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Journal of Aggression, Conflict and Peace Research

ISSN: 1759-6599

Article publication date: 10 October 2011



Ireland, J.L., Graham-Kevan, N., Davies, M. and Fry, D.P. (2011), "Editorial", Journal of Aggression, Conflict and Peace Research, Vol. 3 No. 4. https://doi.org/10.1108/jacpr.2011.55003daa.001



Emerald Group Publishing Limited

Copyright © 2011, Emerald Group Publishing Limited


Article Type: Editorial From: Journal of Aggression, Conflict and Peace Research, Volume 3, Issue 4

Welcome to a further edition of the Journal of Aggression, Conflict and Peace Research (JACPR). This edition brings together a range of papers, covering the diversity of aggression work across culture and populations, including adult, child, clinical and workplace settings. They also present similar themes concerning populations, methodology and the importance of accounting for beliefs and attitudes.

We commence the edition with an invited paper by Bob Bowen, Michael R. Privitera and Vaughan Bowie which discusses the management of aggression in the workplace. This brief review paper outlines the importance of applying theory to our understanding of workplace aggression. Its value lies in the distinction drawn between workplace incivility and workplace violence with the former often not discussed significantly within the aggression literature, but closely aligned to the indirect forms of aggression that have featured in our academic discussions in the last decade. Bowen et al. offer a paper that covers a range of perspectives. I liked in particular the neurobiological element to this work and the important role of the limbic system. It is also positive to see such academic discussion of such topics outside of the normal clinical population papers.

This is then followed by VanLal Thanzami, John Archer and Cath Sullivan’s work into beliefs about aggression applied to a non-western population. This paper is useful in indicating the importance of culture on our understanding of aggression and the caution that should be used in applying research from western cultures without recognition of potential differences. The complexity of aggression beliefs is apparent in this paper and the need for culture-specific measures well made. This is a core value of the Thanzami et al. paper by encouraging reflection on this important point. It also highlights the value of qualitative work (in this case interpretative phenomenological analysis) when you intend to develop a deeper understanding of beliefs and attitudes.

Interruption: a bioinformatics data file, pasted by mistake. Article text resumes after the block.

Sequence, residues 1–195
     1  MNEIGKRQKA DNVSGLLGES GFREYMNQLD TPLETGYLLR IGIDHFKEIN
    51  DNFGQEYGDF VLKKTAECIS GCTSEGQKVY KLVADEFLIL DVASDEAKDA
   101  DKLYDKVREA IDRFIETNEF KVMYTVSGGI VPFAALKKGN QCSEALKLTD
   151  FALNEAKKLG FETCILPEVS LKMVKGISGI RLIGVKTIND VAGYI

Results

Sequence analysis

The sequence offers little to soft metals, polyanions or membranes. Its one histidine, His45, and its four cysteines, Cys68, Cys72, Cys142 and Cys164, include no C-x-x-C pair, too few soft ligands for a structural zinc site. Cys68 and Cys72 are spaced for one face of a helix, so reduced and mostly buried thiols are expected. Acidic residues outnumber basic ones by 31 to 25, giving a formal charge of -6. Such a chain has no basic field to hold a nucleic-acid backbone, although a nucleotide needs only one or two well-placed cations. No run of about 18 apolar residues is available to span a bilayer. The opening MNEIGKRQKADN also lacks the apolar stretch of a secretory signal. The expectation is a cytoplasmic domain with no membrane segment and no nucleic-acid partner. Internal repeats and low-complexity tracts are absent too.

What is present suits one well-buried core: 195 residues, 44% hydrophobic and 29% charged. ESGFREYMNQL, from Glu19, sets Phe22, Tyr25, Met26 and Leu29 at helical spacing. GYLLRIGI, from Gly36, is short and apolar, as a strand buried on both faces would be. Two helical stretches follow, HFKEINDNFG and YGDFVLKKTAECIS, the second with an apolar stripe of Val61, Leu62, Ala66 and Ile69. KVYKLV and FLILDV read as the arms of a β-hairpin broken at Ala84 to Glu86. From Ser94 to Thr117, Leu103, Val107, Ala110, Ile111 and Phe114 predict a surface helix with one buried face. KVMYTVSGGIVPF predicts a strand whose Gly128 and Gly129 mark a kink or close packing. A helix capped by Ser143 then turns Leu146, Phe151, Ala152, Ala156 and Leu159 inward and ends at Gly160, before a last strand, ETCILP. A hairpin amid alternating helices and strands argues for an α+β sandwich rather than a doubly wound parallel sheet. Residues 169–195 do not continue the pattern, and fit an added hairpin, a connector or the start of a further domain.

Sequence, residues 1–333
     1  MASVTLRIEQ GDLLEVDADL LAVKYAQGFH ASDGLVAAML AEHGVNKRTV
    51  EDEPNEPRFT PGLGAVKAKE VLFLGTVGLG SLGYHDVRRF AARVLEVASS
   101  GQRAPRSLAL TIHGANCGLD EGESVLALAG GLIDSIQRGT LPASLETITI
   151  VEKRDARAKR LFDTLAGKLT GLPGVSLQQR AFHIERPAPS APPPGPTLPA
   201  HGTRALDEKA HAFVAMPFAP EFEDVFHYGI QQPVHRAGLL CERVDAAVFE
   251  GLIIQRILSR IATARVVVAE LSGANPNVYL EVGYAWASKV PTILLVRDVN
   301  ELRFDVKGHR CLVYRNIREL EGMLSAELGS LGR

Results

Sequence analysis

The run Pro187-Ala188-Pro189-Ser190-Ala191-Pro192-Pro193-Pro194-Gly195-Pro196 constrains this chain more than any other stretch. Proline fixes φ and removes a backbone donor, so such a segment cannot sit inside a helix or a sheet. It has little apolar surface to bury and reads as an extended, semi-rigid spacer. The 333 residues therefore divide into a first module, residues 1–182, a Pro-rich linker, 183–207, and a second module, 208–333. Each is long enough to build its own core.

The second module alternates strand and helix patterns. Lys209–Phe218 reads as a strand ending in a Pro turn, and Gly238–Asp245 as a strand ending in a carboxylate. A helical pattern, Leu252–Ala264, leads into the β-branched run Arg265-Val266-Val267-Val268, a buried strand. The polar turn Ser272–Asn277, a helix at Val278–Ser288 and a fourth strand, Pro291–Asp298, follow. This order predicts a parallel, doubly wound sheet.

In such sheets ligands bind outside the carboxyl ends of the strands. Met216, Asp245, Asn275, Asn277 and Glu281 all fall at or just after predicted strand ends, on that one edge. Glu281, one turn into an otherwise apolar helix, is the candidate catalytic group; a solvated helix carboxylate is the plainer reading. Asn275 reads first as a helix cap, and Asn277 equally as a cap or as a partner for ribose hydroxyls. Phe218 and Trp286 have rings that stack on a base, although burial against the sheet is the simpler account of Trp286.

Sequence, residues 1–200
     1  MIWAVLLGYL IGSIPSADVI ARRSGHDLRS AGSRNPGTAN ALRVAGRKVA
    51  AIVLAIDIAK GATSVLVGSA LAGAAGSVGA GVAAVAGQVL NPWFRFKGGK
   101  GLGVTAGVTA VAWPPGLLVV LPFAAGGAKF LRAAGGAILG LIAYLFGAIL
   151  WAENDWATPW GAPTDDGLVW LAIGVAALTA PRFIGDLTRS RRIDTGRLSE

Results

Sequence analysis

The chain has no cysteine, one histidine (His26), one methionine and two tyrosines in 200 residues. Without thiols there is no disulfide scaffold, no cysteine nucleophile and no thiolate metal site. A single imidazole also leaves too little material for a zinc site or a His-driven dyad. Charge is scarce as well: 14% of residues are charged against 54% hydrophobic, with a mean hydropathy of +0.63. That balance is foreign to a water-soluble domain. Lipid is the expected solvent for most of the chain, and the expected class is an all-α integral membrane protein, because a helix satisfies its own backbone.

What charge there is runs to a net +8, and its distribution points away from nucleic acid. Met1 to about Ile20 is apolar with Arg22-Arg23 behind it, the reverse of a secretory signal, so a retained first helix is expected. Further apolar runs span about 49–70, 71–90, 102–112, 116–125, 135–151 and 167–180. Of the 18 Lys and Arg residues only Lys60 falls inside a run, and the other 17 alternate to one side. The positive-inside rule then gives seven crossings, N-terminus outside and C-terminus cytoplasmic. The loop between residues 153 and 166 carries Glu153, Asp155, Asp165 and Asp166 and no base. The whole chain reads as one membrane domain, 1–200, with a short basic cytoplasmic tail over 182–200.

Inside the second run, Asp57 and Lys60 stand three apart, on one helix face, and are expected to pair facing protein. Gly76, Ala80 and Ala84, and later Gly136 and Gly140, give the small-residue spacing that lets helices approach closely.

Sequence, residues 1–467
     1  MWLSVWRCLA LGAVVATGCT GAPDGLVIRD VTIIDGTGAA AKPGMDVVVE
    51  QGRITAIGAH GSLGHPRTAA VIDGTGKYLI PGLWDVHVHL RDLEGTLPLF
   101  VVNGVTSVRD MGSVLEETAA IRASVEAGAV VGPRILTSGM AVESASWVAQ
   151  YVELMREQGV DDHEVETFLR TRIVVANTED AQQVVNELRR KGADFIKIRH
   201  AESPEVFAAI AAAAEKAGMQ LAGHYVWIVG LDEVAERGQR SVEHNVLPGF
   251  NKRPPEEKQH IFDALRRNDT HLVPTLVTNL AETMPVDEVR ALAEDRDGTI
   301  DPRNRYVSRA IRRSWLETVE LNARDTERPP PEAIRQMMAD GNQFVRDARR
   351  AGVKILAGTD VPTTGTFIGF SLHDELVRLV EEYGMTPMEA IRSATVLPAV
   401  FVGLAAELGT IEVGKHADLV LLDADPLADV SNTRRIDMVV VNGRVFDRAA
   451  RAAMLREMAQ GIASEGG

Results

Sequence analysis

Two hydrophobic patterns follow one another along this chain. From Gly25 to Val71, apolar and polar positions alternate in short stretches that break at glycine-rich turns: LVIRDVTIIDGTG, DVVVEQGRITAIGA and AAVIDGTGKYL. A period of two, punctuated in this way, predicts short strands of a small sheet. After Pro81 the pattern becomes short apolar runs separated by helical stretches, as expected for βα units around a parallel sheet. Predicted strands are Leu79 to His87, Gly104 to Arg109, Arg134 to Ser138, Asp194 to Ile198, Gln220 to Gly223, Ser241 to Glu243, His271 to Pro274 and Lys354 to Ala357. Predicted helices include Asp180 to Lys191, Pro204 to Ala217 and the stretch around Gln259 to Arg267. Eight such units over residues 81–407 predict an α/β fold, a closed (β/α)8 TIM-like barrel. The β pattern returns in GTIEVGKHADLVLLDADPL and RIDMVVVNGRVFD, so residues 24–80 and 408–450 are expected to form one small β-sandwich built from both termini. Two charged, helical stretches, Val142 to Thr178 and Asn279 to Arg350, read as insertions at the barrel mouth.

Continuing with the theme of cross-cultural issues and applying a similar but different qualitative method (grounded theory), is the paper by Seungha Lee, Peter K. Smith and Claire P. Monks, exploring how “bullying” is perceived by children and adults in South Korea. Bullying is a complex area of academic study and has featured as an invited topic in an earlier edition of JACPR. This is a reflection of how much can be examined in relation to this topic and the additional complexities that arise when you try and examine it outside of western cultures. What is particularly helpful in the Lee et al. paper is the focus on similarities between cultures in terms of the environmental characteristics which can influence perceptions of bullying, but how developmental and contextual factors can impact differently. The discussion concerning the role of age and how this may influence perceptions was particularly useful and provided a different perspective to that focused on within western culture.

The edition then begins to draws to a close by continuing with a developing theory of attitudes, beliefs and perceptions, but applying this to sexual violence. Irina Anderson and Helena Bissell use a general western sample to explore negative attributions to victims. They extend this to female and male victims of aggression. What was particularly interesting in this paper was the focus on male rape, an issue that continues to remain under-researched. Papers which allow for a direct comparison of men and women victims, even using hypothetical scenarios, are thus particularly useful and this is one of the core values of the Anderson and Bissell paper. Indeed, this paper illustrates how increased blame is placed upon the perpetrators of male rape in comparison to female rape, with male participants placing more fault onto male perpetrators than female perpetrators, with the opposite true for female participants. The implications for this focus again on the importance of accounting for perceptions and by covering this across populations of interest, in this case men and women, and not just extrapolating findings from studies excluding male victims.

Quite aptly we then close this edition with a paper focused on a clinical sample of sexual offenders, and their presentation post therapy. In this paper, presented by Simon Duff, qualitative methodology is employed to consider the needs of such offenders using the medium of post-treatment victim apology letters. Duff explores the concept of needing forgiveness which is expressed by these offenders, which contrasts sharply to the commentary of Anderson and Bissell with regards to blame and fault perception. Duff also highlights the importance of considering prosocial needs for such offenders and essentially linking back to the earlier papers presented in JACPR concerning attitudes and beliefs, and thus acknowledging the importance of understanding and enhancing the concepts to drive non-aggression. This paper, therefore, brings the edition full circle from our starting position of applying theories and frameworks, to examining perceptions across cultures and in general samples, to the end point of what we are aiming to achieve, namely treatment and the prevention of aggression.

Jane L. Ireland, Nicola Graham-Kevan, Michelle Davies and Douglas P. Fry

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